On Sun, May 13, 2018 at 11:12:07PM -0400, Ian Kelling
Signed-off-by: Ian Kelling
src/boot.c | 8 ++++----
1 file changed, 4 insertions(+), 4 deletions(-)
diff --git a/src/boot.c b/src/boot.c
index ff705fd..ca64595 100644
@@ -91,14 +91,14 @@ glob_prefix(const char *glob, const char *str)
-// Search the bootorder list for the given glob pattern.
+// Search the bootorder glob list for the given device description
-find_prio(const char *glob)
+find_prio(const char *desc)
- dprintf(1, "Searching bootorder for: %s\n", glob);
+ dprintf(1, "Searching bootorder for: %s\n", desc);
for (i = 0; i < BootorderCount; i++)
- if (glob_prefix(glob, Bootorder[i]))
+ if (glob_prefix(Bootorder[i], desc))
Thanks, but I don't think this is correct. The idea is that the user
will pass a bootorder list, and that SeaBIOS will see if the devices
it finds match that list. So, the SeaBIOS code generates the globs,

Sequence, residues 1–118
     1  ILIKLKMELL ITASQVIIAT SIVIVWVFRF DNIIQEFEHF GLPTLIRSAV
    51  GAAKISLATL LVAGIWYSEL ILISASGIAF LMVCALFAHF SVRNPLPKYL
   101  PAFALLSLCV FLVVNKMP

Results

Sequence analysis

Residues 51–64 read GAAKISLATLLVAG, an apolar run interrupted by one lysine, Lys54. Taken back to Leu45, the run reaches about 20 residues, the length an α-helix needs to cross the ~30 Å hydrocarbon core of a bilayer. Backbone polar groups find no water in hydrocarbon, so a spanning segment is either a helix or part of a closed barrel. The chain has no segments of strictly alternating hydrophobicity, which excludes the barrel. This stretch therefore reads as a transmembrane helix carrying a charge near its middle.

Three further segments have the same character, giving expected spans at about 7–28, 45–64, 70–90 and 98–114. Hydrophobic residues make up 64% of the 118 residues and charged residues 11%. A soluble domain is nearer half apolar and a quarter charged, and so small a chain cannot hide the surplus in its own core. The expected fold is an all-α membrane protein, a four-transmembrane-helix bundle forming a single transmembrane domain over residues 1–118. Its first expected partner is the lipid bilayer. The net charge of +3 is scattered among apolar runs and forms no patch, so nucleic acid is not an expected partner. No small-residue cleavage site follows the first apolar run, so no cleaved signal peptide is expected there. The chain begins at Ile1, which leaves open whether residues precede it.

and the user generates the actual device names.
This was done that way because QEMU generates and passes a bootorder
list to SeaBIOS. QEMU will generate the actual device names, but
SeaBIOS generally doesn't have enough information to generate the full
device names. So, SeaBIOS globs the QEMU generated device names to
find a match.
Ahh, now it makes sense. I searched for ways to generate open firmware
device names other than looking in seabios logs, but google gave me
basically nothing. Do you know how this can be done under gnu/linux for
physical (non-virtual) devices?